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Salt Water People in the Wall Street Journal

Updated: Jul 26, 2019

Some may recall the 1990 Billy Joel song “The Downeaster ‘Alexa,’” which chronicled the struggles of Long Island’s fishermen during a period when they faced increased regulations and other hardships. As Mr. Joel sang, “There ain’t much future for a man who works the sea.”

Now, almost three decades later, Jake Rosenberg, a 23-year-old New York playwright, has taken up the cause of the island’s fisherman once again, with a work that looks at how the situation remains as challenging as ever.

But Mr. Rosenberg’s play, “Salt Water People”—presented in a staged reading Friday at City Lore, a nonprofit Manhattan-based center for urban folk culture—is more than just a story of struggle.

It also explores the culture and even dialect of the fishermen—specifically, the baymen of the East Hampton area, part of a group often dubbed Bonackers in reference to the local Accabonac harbor. The group can trace its roots to Colonial times, when settlers came to the East End of Long Island from England.



“I’m very attracted to stories about traditional communities,” said Mr. Rosenberg, who also works at City Lore and is co-founder of American Lore Theater, the two-year-old New York company directly responsible for producing “Salt Water People.”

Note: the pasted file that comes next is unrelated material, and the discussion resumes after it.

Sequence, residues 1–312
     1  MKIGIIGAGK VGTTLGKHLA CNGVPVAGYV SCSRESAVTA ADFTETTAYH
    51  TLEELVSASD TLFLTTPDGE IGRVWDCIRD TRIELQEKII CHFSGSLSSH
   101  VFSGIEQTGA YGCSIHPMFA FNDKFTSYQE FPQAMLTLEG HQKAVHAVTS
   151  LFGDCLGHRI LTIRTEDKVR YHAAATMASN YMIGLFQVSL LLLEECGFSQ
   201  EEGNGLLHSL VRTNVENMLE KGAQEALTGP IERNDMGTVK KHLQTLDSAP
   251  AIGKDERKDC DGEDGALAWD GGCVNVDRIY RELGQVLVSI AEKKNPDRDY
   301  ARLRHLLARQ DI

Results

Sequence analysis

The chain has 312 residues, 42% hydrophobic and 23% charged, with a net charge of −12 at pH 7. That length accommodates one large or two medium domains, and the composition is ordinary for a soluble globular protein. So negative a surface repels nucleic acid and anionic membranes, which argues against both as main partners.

While “Salt Water People” is based in reality and includes snippets of dialect—one character says “ayuh” instead of “yes”—it tells a story that is purely the playwright’s own. Mr. Rosenberg has created a fictional family of baymen, capturing key moments in their lives both in 1991 and at the time of Superstorm Sandy in 2012.

Moreover, Mr. Rosenberg weaves in an element of the mystical. A sea creature with humanlike features, almost the East End equivalent of a mermaid, has a decisive part in the drama.

For City Lore Executive Director Steve Zeitlin, this theatrical approach illuminates folk culture in ways that a museum exhibit can’t.

“You need to do that to bring it to life,” he said.

Still, the situation that “Salt Water People” speaks to is indeed harsh. Those who have worked in or studied Long Island’s baymen fishing community say its numbers have dropped precipitously—from thousands who made their living decades ago to a few hundred at best today.



Regulations that limit baymen’s catch continue to be an issue, say those who follow the situation. But so does the high cost of Long Island real estate, particularly in the ever-exclusive East End. A bayman or woman can’t afford a house based on what they earn.

“A communal way of life is being destroyed,” said Arnold Leo, an East Hampton resident who was secretary of a local baymen’s association for many years.

Mr. Rosenberg, who grew up in San Francisco, said the more he learned about the baymen’s plight, the more he found it hard to fathom. “There was a time this was the dominant industry of Long Island,” he said.

The playwright’s eventual hope is to take a production of “Salt Water People” to Long Island and possibly involve baymen as actors. Although his research included talking with those in the fishing community, he said he believes this step is necessary to ensure the play is as authentic as possible.

“You have to bring it to the community,” he said.

Write to Charles Passy at cpassy@wsj.com

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